Clarence White grew up in a large family in Selma, Alabama. A great athlete, White was a four-sport letterman at Selma High School. He later played end at Alabama State and was part of a national championship team.
Mr. White arrived in Walker County in 1946 after he was hired as the head football coach and basketball coach at Walker County Training School. In thirteen years as a coach, White did not have a losing season in football and only one in basketball. He served as principal of the training school until it closed in 1969.
Then Mr. White became an administrator at Walker High School at a challenging time in the school’s history. “One of the reasons that we had such a smooth transition from segregation to integration was because of Clarence White,” said friend and fellow educator Pat Morrison. “We never really had any problems with integrations. He was a true Southern gentlemen. A class act.”
Although Mr. White retired in 1977, his passion for education never faltered. He continued to substitute teach, rarely, if ever, turning down a request to work. He remained a disciplinarian; if a kid got in trouble, Mr. White would personally deliver them to the office. Yet he remained a beloved teacher. He maintained a rapport with his students, who would smile when they discovered their substitute for the day was Mr. Clarence White.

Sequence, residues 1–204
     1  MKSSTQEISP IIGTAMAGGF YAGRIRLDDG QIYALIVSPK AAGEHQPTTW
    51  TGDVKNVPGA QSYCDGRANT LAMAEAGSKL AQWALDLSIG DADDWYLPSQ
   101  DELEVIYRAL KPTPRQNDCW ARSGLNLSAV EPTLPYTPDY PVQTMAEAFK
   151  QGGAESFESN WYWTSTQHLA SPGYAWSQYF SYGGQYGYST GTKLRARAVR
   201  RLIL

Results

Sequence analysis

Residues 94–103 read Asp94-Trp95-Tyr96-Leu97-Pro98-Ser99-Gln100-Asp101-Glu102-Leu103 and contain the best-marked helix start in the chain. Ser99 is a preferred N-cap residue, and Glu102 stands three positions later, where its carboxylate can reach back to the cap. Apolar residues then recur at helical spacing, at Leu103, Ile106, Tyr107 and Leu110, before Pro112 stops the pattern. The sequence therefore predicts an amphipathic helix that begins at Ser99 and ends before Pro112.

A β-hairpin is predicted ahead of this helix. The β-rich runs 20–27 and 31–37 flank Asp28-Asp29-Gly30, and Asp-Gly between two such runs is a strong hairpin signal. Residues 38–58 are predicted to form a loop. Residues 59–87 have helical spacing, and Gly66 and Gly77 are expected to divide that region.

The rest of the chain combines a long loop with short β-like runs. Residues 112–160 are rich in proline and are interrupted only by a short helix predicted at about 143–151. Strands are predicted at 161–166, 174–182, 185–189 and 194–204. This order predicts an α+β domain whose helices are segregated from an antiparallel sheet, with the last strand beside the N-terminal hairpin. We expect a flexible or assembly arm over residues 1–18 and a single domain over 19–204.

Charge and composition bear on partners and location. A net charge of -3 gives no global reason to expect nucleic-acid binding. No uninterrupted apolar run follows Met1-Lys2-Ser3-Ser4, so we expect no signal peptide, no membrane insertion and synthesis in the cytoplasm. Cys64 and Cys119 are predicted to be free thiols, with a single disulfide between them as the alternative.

Another of Mr. White’s passions was the game of golf. He had caddied as a young boy, but it wasn’t until late in life that his golf game began to flourish. He would frequently be found at Arrowhead Golf Course, where he would out-shoot his playing partners.
“Boys, I shot 36,” Mr. White would say with a grin, knowing he’d taken the top score. “What’d y’all shoot?” 78.
Photos courtesy of Pat Morrison
Originally published in 78 Magazine in Jan/Feb 2018